The Kentucky Department for Public Health (DPH) received reports of laboratory-confirmed influenza cases, indicating the presence of flu circulating in Kentucky. The cases are from Bullitt, Fayette and Jefferson counties.
Beginning in October, DPH officials will begin to report weekly influenza activity to the Centers for Disease Control and Prevention (CDC) as part of statewide flu surveillance efforts.
The flu season in Kentucky may be starting early this year, as the flu season typically begins in October or November.
Adequate supplies of flu vaccine are expected to be available for this year’s season. Vaccination can be given any time during the flu season.
"Getting the flu can be debilitating and sometimes life-threatening, and vaccination is the best tool we have to prevent illness. It’s also extremely important to take simple preventive steps to avoid it," said Hiram C. Polk, Jr., M.D., commissioner of DPH. “You should also follow the advice your parents gave you to prevent flu and other illnesses that tend to circulate at this time of year – wash your hands frequently, cover your mouth when you cough or sneeze and stay home when you’re sick.”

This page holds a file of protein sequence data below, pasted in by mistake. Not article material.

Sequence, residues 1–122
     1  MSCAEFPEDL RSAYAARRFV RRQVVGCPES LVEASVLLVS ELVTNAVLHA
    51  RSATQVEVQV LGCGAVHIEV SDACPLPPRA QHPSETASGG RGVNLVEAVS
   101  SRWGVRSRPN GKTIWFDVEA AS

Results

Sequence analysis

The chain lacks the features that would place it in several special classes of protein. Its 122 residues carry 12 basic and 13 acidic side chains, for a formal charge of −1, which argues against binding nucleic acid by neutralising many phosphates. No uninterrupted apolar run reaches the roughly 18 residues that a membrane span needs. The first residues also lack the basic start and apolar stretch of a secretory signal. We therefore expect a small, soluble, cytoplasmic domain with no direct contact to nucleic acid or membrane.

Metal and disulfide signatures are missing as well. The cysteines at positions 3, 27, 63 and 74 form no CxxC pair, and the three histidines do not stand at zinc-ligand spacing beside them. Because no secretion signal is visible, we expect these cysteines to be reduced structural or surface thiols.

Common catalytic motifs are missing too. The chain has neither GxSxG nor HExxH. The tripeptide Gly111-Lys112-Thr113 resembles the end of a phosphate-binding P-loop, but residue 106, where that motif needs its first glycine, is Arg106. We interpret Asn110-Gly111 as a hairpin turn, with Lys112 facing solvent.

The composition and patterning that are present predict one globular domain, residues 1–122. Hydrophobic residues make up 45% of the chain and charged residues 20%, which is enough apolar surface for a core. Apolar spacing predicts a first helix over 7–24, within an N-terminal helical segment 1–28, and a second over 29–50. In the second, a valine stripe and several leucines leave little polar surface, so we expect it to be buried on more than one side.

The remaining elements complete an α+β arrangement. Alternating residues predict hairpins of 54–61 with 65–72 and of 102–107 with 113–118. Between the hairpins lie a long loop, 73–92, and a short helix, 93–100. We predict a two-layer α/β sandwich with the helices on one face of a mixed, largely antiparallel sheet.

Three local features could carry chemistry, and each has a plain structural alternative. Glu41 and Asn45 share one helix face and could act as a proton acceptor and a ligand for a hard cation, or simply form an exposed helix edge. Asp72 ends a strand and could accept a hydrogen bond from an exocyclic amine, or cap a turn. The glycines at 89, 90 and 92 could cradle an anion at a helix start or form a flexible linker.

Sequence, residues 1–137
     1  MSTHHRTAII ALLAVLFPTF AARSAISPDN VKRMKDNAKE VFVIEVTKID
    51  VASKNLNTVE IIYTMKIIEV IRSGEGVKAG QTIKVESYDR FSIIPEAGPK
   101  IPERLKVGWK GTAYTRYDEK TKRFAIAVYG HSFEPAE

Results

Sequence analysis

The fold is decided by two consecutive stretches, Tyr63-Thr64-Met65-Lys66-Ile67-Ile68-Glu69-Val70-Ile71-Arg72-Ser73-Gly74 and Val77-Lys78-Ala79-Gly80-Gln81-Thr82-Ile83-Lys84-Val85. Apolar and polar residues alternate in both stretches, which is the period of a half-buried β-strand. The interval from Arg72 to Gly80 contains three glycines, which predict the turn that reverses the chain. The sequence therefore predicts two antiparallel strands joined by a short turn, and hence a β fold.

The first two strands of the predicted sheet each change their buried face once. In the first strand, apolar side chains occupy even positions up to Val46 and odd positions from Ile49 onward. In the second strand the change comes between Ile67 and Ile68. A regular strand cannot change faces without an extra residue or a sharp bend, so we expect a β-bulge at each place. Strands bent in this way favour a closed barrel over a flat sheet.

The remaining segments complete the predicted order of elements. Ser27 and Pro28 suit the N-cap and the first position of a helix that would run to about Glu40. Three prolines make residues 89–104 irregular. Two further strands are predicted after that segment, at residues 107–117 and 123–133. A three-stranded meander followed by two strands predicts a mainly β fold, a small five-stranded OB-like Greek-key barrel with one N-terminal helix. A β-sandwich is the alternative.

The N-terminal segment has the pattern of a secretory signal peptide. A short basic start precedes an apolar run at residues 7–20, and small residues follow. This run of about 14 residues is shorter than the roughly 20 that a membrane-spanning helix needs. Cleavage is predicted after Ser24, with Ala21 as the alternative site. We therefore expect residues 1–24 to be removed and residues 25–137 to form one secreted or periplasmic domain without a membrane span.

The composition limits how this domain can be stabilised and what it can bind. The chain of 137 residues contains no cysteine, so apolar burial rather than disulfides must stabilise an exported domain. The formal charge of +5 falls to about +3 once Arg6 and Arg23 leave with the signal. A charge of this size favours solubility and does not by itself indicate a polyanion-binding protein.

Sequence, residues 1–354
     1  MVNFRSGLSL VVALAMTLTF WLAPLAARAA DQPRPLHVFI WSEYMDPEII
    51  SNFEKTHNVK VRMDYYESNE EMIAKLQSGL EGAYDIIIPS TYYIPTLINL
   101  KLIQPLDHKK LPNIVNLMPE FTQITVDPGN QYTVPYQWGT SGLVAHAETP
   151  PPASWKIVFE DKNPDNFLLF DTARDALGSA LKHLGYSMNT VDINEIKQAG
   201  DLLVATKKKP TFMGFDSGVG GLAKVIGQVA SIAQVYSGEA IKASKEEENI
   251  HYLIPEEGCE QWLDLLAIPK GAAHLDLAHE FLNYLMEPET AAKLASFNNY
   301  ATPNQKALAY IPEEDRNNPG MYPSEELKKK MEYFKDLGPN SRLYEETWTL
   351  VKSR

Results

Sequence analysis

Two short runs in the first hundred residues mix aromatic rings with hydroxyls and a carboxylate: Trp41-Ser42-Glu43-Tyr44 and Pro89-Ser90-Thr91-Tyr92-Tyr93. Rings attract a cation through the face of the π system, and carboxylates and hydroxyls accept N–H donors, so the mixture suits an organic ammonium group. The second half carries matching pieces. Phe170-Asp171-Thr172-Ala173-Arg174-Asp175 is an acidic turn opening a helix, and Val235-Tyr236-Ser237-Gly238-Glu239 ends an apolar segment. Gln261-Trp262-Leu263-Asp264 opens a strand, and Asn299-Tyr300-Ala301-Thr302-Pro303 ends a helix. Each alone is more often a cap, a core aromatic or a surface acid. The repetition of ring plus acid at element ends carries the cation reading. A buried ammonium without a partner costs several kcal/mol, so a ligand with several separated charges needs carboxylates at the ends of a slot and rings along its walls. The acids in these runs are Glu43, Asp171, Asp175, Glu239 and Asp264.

The CDC Advisory Committee on Immunization Practices recommends flu vaccine for all individuals six months of age and older. However, the nasal spray flu vaccine should not be used because it has been shown to be ineffective. People who are strongly encouraged to receive the flu vaccine because they may be at higher risk for complications or negative consequences include:
• Children age six months through 59 months;
• Women who are or will be pregnant during the influenza season;
• Persons 50 years of age or older;
• Persons with extreme obesity (Body Mass Index of 40 or greater);
• Persons aged six months and older with chronic health problems;
• Residents of nursing homes and other long-term care facilities;
• Household contacts (including children) and caregivers of children aged ≤59 months (i.e., aged <five years, particularly contacts of children aged <six months) and adults aged ≥50 years;
• Household contacts and caregivers or people who live with a person at high-risk for complications from the flu; and
• Health care workers, including physicians, nurses, and other workers in inpatient and outpatient-care settings, medical emergency-response workers (e.g., paramedics and emergency medical technicians), employees of nursing home and long-term care facilities who have contact with patients or residents, and students in these professions who will have contact with patients.
Infection with the flu virus can cause fever, headache, cough, sore throat, runny nose, sneezing and body aches. Flu can be very contagious. For more information on influenza or the availability of flu vaccine, please contact your local health department or visit http://healthalerts.ky.gov